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MIL 1000: Millennium number plate expected to fetch an amazing pounds 100,000 at auction.

THE number plate that will last for a thousand years is going under the auctioneer's hammer.

And it is expected that whoever wants their car to sport the registration MIL 2000 will have to bid in excess of pounds 100,000 for the privilege.

Car freaks will enter an amazing bidding war for the coveted Northern Irish registration when it comes up for auction next month.

And experts are confident the sale of the century - or rather, the millennium - will smash all previous price records.

The Co Fermanagh number was issued by the Driver and Vehicle Licensing Office last year.

But wily bosses held it back when they realised how much interest it would generate in the run up to New Year.

Now they are expecting lucrative bids from all over the British Isles when it goes under the hammer on November 24 at Belfast-based auction house, Wilsons.

The firm has been selling DVLO plates for three years.

The most expensive so far has been OIL 1 which fetched pounds 22,000 when it was sold to a petrol station owner last year.

But staff hope MIL 2000 will fetch at least four times that - making it the most expensive Northern Irish number plate ever sold.

Auctioneer Peter Johnston has supervised the sale of more than 7,200 plates since the project started three years ago.

And he is convinced this will be the biggest yet.

He said: "This will be the sale of the millennium.

"We know we're going to be flooded with offers because this is such a one-off and it's genuinely exclusive.

"Drivers are all looking for something to make them stand out from the crowd to mark the start of the new millennium.

"We sell to everyone from professionals, like doctors who might pick up PIL 1, or businessmen who want OIL 1 or something else to reflect their work.

"I suppose the only common factor is they all have to be rich.

"Most of the plates that we handle fetch between pounds 700 and pounds 1,000 which isn't bad but this one will be in a different league altogether.

"Plates in general have been getting more and more popular since we started selling them in 1996.

"For some people it's a bit of fun for others it's a great investment because I think prices will keep on climbing."

He said Northern Irish registrations were in such demand because they use unusual letters and don't give away a car's age.

He explained: "Lots of people on the mainland buy them because the Belfast AZ ending can spell out nicknames like Gaz and Daz.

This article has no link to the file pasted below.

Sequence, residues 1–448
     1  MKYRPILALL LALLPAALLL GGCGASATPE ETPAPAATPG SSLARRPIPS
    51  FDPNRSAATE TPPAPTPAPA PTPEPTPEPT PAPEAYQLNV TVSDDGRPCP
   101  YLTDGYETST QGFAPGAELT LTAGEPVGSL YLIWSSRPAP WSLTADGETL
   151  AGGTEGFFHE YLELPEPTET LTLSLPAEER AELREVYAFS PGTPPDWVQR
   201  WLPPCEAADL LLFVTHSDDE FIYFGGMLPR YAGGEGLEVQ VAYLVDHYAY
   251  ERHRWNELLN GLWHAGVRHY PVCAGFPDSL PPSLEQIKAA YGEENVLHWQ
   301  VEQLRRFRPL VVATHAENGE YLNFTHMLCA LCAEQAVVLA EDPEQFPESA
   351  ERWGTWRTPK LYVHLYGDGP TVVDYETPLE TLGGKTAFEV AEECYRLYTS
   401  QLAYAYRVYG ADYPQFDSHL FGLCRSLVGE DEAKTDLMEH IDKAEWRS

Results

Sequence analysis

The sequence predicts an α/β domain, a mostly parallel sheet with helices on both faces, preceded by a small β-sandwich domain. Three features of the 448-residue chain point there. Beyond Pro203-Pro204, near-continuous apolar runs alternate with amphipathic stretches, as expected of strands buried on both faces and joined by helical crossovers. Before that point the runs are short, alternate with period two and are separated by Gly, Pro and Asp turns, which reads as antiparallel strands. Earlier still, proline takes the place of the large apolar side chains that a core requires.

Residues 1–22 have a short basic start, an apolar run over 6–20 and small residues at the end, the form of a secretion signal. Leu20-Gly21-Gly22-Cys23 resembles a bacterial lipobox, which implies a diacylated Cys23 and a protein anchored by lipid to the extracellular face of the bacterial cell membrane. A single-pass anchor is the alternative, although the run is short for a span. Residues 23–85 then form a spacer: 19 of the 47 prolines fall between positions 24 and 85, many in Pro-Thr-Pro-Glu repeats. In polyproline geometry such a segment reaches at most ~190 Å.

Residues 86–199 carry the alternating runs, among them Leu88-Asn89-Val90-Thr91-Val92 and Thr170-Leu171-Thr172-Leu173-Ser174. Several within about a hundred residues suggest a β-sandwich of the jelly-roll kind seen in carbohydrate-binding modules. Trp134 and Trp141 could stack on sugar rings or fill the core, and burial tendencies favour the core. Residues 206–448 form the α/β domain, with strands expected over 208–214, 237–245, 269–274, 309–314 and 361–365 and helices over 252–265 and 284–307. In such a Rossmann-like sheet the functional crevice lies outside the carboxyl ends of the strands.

"One of the best requests we had was from the New Zealand ambassador in London who was interested in a Portrush plate KIW1.

DVLO chief executive, Brendan McGee, said he wasn't surprised interest was so high.

He said: "If somebody wanted to make a statement about the Millennium what better way to do it?

"Or it would make a great gimmick for advertisers.

"People love having that personal touch - a name or an unusual number.

"Repeat numbers normally sell well, apart from 666 funnily enough."

Collectors can bid for the millennium plate, which is lot 200, by phone, fax, and e-mail or by turning up in person at the sale in Newtownabbey, Belfast.

Sales of Northern Irish number plates have been a major money-spinner since they first began in February 1996.

Demand is so high there are three auctions a year, in May, September and November.

And so far collectors have helped swell Treasury coffers to the tune of pounds 4.5 million.

Next month's bumper sale will see 350 lots - including the millennium plate - go under the hammer.

The all-day sales regularly attract more than 300 bidders - a mixture of dealers and individuals - and organisers predict this one will be even more packed than usual.

Auctioneer, Peter Johnston, said: "The millennium plate is lot 200 so it's quite late in the day.

"I'm sure people will be so intrigued they'll stay on to see how much it goes for."
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Copyright 1999 Gale, Cengage Learning. All rights reserved.

Article Details
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Author:Donnelly, Claire
Publication:The Mirror (London, England)
Date:Oct 27, 1999
Previous Article:Cops learn soft touch.

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